That never came to be, as Delaney faced an intense campaign against him. Delaney’s problems began because of his work defending St. Paul’s school in his home state during a civil suit brought by a student who alleged a sexual assault by another student.
And things spiraled from there: Delaney also was under scrutiny for his abortion positions, as well as his service on the board of a group that took strong deregulatory positions. The New Hampshire senators and the White House stuck with him amid those knocks, even as Democratic senators’ views curdled.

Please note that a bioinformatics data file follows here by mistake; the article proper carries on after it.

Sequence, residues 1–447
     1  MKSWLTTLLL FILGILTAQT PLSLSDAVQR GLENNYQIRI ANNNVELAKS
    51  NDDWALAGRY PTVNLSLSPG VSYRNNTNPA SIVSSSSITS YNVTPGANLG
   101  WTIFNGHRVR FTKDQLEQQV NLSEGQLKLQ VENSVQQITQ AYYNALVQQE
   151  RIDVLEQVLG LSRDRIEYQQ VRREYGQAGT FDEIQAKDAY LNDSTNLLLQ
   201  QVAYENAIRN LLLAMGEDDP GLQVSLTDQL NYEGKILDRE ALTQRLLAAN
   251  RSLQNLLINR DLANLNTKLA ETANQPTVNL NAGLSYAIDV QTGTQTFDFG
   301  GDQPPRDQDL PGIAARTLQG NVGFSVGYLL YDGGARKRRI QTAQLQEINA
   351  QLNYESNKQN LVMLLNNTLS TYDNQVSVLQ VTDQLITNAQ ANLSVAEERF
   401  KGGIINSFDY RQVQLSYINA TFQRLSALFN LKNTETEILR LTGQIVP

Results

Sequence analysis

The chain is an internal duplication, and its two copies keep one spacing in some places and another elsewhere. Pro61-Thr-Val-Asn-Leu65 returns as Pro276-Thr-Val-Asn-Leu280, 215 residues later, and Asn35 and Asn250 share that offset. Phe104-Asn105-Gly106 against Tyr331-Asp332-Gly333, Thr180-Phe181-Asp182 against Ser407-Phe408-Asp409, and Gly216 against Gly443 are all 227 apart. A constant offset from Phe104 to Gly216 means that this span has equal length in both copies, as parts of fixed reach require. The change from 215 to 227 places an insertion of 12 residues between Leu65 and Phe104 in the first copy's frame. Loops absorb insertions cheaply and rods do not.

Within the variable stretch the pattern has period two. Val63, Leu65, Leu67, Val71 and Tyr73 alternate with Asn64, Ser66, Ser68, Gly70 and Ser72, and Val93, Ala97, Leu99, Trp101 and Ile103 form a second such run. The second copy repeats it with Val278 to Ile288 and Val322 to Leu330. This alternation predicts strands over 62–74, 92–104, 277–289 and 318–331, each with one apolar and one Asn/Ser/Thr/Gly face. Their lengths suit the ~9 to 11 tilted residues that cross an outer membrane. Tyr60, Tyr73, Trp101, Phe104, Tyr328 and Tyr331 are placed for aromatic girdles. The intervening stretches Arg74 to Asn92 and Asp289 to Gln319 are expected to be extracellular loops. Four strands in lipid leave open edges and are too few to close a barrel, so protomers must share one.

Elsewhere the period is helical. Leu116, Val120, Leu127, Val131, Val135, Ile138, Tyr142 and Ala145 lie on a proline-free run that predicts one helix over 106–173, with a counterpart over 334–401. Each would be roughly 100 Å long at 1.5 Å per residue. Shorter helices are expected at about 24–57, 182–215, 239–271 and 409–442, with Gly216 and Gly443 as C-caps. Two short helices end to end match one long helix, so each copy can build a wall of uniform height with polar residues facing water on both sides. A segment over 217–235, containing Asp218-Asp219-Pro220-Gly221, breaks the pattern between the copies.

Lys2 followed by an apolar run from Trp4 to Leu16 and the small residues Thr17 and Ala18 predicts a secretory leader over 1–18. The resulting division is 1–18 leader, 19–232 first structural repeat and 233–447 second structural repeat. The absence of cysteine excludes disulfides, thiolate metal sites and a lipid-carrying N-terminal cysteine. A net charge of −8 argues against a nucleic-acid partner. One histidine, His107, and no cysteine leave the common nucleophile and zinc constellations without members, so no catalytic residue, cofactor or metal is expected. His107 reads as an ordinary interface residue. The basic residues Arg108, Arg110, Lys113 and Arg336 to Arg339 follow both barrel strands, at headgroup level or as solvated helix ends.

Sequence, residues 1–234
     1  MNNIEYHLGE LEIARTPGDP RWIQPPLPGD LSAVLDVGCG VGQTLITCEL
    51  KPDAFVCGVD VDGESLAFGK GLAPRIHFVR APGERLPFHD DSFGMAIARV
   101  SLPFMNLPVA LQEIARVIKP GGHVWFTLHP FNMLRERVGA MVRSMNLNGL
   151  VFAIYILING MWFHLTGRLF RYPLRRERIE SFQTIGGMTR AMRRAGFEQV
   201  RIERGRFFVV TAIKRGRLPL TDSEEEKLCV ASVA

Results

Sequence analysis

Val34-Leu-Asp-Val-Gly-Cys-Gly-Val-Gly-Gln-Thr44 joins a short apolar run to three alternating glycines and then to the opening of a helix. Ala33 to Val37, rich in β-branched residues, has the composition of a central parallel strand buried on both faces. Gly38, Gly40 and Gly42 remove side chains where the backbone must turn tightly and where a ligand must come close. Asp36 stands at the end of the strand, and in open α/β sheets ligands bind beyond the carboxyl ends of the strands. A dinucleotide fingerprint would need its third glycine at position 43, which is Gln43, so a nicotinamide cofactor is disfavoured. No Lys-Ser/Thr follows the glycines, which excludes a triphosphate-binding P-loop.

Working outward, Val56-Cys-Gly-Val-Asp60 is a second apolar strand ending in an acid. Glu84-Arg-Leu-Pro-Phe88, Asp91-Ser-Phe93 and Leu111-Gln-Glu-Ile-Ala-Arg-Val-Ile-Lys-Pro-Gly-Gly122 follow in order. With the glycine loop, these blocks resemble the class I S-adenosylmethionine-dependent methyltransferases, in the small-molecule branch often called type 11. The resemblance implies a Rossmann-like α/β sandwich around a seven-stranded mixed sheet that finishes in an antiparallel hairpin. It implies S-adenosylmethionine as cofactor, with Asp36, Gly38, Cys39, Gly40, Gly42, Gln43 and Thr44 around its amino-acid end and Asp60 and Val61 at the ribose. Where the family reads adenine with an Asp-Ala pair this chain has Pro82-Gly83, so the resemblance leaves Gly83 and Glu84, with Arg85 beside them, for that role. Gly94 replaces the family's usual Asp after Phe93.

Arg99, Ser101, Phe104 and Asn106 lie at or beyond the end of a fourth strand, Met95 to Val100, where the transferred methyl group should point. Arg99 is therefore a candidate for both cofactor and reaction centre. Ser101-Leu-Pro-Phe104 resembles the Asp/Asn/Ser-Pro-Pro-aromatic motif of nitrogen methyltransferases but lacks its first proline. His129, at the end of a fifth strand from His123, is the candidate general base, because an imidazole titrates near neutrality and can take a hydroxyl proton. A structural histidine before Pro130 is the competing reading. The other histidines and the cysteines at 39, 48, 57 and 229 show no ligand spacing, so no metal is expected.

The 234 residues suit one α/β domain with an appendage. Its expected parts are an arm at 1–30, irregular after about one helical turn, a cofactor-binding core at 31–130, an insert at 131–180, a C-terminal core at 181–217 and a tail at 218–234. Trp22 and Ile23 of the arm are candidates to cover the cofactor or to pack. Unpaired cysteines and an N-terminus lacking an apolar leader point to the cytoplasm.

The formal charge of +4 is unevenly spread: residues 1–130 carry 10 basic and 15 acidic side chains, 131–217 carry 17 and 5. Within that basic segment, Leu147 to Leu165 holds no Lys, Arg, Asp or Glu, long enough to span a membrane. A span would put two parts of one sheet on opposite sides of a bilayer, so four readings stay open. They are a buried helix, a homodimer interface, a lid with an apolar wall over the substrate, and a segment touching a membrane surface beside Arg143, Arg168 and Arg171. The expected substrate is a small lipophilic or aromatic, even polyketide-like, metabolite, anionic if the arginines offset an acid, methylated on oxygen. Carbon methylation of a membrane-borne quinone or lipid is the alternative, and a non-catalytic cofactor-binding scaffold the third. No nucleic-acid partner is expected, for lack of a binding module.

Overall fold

Summing up the knocks on Delaney, a coalition of progressive groups on Thursday called for his rejection due to his “hostility to victims’ rights, reproductive rights, employee rights, and government regulation that is unsuitable for the lifetime appointment for which he is being considered.”
Not long after that, Senate Judiciary Committee Chair Dick Durbin (D-Ill.) passed over Delaney once again in committee.
The White House declined to comment. Hassan and Shaheen’s offices did not immediately comment.
NBC first reported Delaney’s expected withdrawal.
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